Purdue 80, Maryland 75 (at Maryland) – Maryland had cut the lead to 78-75 and had the ball with 37 seconds left, but Jared Nickens missed a three with 15 seconds left. Vince grabbed the rebound and PJ hit two free throws to seal it.

Purdue 74, Northwestern 69 (at Purdue) – After two close losses in the Bahamas Purdue got three straight close wins. Isaac Haas broke a 69-69 tie with 43 seconds left, Purdue got a stop, Vince hit a free throw, and Bryant McIntosh missed a three to tie with 4 seconds left.

Purdue 70, Michigan 69 (at Michigan) – Purdue got a turnover on a review and Haas hit the game-winning free throw with 4 seconds left for a huge road win. Purdue even trailed late, but Vince hit a tying three with 2:33 left and Carsen also had clutch baskets.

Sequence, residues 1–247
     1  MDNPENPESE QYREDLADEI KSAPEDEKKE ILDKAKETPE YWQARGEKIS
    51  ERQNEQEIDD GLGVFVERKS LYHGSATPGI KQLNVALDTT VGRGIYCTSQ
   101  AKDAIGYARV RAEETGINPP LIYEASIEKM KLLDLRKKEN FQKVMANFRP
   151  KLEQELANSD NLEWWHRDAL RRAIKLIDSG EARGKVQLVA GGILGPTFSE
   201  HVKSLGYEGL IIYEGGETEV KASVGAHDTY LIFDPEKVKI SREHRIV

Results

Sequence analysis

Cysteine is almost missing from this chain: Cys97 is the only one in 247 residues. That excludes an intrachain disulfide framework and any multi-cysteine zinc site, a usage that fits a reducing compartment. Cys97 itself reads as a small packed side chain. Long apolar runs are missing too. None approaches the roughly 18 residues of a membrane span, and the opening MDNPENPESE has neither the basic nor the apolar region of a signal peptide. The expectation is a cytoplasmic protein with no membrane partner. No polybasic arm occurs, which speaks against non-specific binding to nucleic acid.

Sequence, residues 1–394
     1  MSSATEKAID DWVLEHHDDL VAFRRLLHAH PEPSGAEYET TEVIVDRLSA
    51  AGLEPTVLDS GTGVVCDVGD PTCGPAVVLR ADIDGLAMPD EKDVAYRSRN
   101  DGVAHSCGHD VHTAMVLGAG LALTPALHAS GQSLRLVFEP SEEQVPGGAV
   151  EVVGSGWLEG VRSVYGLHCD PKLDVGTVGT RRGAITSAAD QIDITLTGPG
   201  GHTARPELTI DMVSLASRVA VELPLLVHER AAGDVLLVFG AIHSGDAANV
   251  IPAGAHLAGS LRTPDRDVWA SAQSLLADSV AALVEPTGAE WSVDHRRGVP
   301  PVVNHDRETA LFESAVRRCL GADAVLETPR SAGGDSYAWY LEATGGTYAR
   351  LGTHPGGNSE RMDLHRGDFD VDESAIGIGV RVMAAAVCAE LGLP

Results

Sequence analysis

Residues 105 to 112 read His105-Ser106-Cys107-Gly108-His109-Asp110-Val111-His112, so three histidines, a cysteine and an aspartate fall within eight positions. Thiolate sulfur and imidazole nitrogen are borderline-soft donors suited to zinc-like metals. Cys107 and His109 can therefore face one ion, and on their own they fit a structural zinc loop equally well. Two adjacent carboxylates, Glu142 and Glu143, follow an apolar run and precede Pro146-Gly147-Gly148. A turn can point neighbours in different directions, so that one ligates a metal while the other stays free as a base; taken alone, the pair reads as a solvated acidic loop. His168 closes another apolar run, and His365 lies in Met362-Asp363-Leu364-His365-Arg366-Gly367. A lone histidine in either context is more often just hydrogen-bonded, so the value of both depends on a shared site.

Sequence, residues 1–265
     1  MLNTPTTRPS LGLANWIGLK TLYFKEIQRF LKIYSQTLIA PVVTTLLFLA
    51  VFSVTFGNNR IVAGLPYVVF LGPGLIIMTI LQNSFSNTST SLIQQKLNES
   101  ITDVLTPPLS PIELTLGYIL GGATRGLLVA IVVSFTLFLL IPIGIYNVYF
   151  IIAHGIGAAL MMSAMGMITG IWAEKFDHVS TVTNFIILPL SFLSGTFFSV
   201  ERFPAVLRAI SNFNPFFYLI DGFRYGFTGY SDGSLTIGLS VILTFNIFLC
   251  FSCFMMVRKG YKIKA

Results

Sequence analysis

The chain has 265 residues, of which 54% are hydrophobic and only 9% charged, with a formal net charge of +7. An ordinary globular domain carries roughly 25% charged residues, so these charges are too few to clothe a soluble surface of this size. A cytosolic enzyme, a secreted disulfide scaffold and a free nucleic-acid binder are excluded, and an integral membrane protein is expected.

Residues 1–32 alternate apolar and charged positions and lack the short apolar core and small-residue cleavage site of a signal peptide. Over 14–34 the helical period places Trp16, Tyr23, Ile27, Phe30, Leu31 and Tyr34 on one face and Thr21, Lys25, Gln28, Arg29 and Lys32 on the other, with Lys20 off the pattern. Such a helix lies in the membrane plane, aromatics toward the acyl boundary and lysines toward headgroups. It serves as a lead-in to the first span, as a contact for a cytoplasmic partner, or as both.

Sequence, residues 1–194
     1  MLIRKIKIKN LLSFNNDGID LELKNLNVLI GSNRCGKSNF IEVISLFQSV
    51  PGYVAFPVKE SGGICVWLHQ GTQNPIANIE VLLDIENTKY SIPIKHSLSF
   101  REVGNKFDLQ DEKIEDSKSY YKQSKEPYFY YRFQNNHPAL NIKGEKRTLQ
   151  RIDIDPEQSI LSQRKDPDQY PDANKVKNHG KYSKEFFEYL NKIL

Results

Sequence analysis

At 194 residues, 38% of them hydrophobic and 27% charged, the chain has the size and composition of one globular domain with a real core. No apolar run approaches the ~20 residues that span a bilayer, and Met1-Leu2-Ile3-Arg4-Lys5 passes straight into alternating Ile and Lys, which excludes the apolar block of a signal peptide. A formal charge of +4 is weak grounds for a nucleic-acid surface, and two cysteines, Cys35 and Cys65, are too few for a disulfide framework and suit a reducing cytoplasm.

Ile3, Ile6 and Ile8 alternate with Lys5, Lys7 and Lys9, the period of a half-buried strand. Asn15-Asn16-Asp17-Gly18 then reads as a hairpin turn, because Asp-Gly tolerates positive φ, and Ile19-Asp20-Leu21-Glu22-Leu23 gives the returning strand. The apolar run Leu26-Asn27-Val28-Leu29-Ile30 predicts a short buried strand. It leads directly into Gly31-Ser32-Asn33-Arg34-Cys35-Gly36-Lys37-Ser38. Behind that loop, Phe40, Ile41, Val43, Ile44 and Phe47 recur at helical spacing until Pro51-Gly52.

Purdue 92, #25 Michigan 88 (at Purdue) – This was a wild second half and Purdue did just enough defensively in the end to win. Michigan got it to 85-82 with 34 seconds left, but Purdue hit its free throws.

Purdue 74, Indiana 67 (at Indiana) – Purdue led by 1 at the final media timeout, but Indiana had the ball. Here is what happened.

Purdue 78, Rutgers 76 (at Rutgers) – Rutgers could not get a defensive stop and Purdue hit 14 of 16 free throws in the last 1:22.

#14 Ohio State 64, Purdue 63 (at Purdue) – Purdue scored only 10 points in the last 11 minutes and blew a 14 point lead, but was still a rebound away from the win.

#4 Michigan State 68, Purdue 65 (at Michigan State) – The same as Ohio State, Purdue scored only 10 points in the final 11 minutes, but did lead 65-63 with 1:02 left before Michigan State went score-stop-score for the win.

2016-17 record in close games: 7-4 (2-2 vs. top 25 teams).